With conventional politics increasingly failing to address the concerns of ordinary people, The Possibility of Progress argues for an alternative to prevailing economic thinking which combines the dynamism of the free market with the ideals of socialism. It offers a solution to the problems of poverty and social injustice which promises fair shares for equal effort, whilst promoting individual freedom and protecting the planet for future generations.
Drawing on evolutionary biology, the history of ideas, cultural anthropology, economic history, moral philosophy and social psychology, the book summarises key contributions from each in a style accessible to the general reader.
It investigates what is it about humans as biological organisms, cultural players and economic agents that gives rise to our continuing lack of progress, what we therefore need to change about ourselves, and how change in individuals might translate into wider social change.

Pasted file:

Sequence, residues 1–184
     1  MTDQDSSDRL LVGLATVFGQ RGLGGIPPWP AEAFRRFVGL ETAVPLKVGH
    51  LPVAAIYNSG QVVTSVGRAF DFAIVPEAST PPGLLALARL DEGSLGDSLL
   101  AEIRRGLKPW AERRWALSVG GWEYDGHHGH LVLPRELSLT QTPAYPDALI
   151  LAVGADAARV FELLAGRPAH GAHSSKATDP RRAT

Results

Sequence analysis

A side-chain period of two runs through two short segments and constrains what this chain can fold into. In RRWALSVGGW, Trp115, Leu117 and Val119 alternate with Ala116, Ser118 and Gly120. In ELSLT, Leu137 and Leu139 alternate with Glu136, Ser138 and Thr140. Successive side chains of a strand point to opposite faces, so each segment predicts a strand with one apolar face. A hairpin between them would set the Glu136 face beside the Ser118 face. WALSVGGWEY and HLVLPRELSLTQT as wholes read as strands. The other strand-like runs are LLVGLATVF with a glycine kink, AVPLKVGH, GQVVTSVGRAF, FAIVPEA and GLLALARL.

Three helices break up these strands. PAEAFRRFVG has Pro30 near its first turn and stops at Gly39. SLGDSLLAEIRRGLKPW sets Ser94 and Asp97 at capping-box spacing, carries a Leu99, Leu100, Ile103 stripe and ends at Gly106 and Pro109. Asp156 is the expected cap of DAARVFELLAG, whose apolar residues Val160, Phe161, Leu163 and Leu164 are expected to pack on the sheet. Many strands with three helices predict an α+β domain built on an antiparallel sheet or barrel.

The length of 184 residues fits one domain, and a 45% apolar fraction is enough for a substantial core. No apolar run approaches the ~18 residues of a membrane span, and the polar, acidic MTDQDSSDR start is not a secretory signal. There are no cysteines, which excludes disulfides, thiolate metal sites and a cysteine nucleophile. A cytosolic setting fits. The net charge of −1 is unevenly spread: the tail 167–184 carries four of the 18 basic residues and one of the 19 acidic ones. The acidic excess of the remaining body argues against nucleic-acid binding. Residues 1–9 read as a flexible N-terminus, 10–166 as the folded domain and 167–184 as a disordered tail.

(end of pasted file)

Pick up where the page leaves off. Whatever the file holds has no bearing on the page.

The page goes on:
The author advocates a return to the ideas and motivation of the great classical economist-philosophers who long ago outlined the essential truths of society and its evolution, only for their theories to be selectively taken up by those with a quite different agenda: the protection of minority power and privilege.
Armed with a true reading of economics, and an awareness of the forces which conspire to keep us in ignorance, ordinary people can take control of their lives and begin to transform democracy for the good of all. Progress towards a more inclusive and sustainable world is not just the dream of idealists: the starting point is belief in its possibility and an appreciation of the man-made obstacles which we have the power to remove.
Mark Braund has worked in the private, public and voluntary sectors, and spent three years as an advisor to the government of Mozambique. This book, his first, is the product of several years’ research and a deep interest in what motivates people, how individuals shape society, and the future prospects for humankind.
Keywords: Social injustice, Socialism, Moral Philosophy